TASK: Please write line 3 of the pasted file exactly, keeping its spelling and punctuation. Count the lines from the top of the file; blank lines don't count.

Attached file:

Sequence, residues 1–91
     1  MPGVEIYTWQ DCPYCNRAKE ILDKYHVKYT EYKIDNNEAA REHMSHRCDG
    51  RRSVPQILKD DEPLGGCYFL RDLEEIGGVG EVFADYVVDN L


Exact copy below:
    51  RRSVPQILKD DEPLGGCYFL RDLEEIGGVG EVFADYVVDN L